When Jersey City’s Genevieve Gburczyk Eilers went to Washington to work as a congressional aide, Harry Truman was president and John F. Kennedy was still a congressman.
Eilers, who served as an assistant to Rep. Alfred Sieminski from 1951 to 1955 and likely among the last surviving members of Jersey City mayor Frank Hague’s administration, died on March 19. She was 105.
Trained as a stenographer, Eilers got a job at city hall in Jersey City when Hague as mayor. She worked under Hague’s successor, his nephew Frank Hague Eggers, and the for mayor John V. Kenny.
In 1950, Kenny decided it was time for 75-year-old Rep. Mary T. Norton (D-Jersey City), the first woman to a New Jersey House seat, to retire after 26 years in Congress. He announced that Sieminski, a 39-year-old Harvard-trained lawyer and World War II veteran, would take her seat.
Eilers, then 37, was offered a job working for Sieminski at a time when congressmen had just a handful of staffers. She moved to Washington, lived in a rooming house for single women, and began working for a freshman congressman.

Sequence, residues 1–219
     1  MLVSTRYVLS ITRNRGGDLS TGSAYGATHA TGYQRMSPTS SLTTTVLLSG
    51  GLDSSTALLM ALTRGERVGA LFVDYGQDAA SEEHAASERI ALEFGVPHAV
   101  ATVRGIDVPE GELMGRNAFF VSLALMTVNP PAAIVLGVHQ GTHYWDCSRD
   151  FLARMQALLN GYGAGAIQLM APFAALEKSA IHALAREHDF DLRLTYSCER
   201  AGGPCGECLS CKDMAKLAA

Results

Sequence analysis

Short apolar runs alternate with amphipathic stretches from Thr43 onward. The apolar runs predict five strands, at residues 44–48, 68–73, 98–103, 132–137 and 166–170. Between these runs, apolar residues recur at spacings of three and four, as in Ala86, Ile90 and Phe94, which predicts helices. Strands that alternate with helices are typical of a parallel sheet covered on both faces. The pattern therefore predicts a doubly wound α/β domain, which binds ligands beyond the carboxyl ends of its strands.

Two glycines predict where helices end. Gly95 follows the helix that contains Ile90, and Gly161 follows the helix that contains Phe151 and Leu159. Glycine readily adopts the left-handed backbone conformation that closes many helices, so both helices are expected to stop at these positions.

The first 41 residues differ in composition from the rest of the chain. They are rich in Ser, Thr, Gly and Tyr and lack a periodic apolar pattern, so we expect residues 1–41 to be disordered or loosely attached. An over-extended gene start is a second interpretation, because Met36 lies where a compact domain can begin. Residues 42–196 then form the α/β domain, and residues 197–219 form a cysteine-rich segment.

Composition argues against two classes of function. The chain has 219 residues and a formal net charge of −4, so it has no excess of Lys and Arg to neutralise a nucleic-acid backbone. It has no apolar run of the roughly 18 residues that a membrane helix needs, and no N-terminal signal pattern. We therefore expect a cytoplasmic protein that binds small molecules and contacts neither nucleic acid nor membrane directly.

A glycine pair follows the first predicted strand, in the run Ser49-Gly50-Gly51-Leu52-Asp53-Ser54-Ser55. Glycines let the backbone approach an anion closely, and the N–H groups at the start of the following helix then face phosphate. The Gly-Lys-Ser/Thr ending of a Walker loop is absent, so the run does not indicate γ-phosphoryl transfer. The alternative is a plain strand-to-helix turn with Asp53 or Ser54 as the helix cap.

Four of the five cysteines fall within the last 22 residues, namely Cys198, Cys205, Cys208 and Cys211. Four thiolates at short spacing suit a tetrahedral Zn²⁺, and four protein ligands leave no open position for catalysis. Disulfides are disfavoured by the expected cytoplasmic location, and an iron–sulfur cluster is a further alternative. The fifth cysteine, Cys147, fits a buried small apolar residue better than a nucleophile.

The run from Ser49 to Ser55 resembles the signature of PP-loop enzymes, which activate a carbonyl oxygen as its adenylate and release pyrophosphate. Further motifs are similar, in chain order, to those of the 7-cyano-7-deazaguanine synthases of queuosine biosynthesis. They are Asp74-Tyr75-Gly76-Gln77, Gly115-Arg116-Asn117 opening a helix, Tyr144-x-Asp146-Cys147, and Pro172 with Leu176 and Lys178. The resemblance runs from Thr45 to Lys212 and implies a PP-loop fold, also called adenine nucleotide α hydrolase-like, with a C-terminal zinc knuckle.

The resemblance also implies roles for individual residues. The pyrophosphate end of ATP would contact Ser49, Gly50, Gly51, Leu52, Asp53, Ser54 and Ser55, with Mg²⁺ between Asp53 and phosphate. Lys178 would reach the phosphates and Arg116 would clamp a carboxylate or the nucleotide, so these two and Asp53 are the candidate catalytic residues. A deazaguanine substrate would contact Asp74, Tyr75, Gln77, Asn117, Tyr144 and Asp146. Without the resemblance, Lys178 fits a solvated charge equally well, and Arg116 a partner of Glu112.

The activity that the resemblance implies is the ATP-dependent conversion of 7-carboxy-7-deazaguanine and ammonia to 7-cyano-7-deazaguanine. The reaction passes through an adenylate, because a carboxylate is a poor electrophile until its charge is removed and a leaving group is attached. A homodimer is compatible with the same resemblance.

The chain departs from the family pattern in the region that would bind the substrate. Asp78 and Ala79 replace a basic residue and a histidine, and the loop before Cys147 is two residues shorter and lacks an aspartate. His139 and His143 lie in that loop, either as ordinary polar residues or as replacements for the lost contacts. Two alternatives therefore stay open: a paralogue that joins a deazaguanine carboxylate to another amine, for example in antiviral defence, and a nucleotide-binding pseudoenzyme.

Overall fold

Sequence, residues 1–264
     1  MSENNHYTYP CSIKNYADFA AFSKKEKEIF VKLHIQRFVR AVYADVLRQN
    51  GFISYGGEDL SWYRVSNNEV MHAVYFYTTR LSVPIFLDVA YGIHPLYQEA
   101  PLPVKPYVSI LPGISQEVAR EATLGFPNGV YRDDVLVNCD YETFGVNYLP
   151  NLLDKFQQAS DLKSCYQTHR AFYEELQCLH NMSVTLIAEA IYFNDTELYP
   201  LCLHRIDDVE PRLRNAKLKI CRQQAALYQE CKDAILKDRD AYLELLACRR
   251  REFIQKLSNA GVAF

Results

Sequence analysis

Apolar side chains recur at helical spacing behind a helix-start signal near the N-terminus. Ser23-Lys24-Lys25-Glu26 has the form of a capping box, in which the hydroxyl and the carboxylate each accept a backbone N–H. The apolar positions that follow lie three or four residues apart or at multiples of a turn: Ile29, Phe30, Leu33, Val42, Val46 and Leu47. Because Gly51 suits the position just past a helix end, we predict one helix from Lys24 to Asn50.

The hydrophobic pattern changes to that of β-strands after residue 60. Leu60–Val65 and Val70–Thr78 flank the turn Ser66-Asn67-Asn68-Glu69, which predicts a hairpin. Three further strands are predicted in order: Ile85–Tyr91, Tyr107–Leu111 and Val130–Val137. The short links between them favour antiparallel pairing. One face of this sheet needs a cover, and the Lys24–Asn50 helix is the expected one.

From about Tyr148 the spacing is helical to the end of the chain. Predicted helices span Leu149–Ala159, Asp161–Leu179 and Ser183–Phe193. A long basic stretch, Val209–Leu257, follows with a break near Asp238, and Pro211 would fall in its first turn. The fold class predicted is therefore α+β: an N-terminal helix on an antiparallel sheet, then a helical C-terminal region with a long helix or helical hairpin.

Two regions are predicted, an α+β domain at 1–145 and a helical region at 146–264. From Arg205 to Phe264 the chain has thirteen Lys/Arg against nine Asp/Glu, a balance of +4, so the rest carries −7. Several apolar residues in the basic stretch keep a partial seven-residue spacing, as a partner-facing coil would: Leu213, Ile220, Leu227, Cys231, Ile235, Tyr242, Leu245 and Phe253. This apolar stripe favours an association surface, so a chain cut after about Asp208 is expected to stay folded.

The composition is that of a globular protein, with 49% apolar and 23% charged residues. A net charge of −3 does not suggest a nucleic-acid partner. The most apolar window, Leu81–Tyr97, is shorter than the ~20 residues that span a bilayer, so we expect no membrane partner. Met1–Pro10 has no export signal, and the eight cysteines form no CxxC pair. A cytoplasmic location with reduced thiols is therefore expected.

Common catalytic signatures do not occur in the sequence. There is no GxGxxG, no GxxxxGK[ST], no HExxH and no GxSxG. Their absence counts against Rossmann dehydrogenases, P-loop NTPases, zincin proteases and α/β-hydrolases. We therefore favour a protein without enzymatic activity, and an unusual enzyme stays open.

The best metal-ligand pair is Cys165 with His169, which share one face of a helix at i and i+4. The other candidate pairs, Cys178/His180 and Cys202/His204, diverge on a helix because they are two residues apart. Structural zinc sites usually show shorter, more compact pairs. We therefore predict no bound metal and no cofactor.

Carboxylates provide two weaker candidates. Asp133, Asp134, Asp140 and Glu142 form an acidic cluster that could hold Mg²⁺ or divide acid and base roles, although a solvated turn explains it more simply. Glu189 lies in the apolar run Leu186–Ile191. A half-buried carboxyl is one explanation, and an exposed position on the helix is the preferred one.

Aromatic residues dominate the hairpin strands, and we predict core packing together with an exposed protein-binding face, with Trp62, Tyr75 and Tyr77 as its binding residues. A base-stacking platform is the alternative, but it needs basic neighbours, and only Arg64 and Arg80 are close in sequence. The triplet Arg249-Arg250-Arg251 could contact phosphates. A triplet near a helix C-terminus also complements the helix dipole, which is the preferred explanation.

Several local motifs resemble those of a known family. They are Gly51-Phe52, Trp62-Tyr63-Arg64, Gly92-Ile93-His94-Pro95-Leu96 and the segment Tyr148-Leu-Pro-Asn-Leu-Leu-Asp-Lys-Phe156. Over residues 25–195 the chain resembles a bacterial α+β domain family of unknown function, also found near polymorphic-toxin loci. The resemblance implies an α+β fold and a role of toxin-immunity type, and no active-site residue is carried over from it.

She decided to move back to New Jersey early in Sieminski’s third term to marry John Eilers, the owner of a small chimney sweeping company who was 21 years older. They moved to Kearny, where Eilers got a job as a permanent clerk stenographer.
Widowed in 1968, Eilers was appointed assistant municipal clerk in 1974 and remained in that post until she retired in 1983, one month after he 70th birthday. She collected her state pension for 35 years.
Sieminski wound up losing the support of the Hudson County Democratic Organization and won just 14% of the vote in the 1958 Democratic primary to Cornelius Gallagher.
Eilers had no children and before moving to a senior living facility in Bloomfield at age 99. She is survived by her nieces and nephews.
A funeral service will be held at 11 AM on Saturday at the Armitage & Wiggins Funeral Home in Kearny.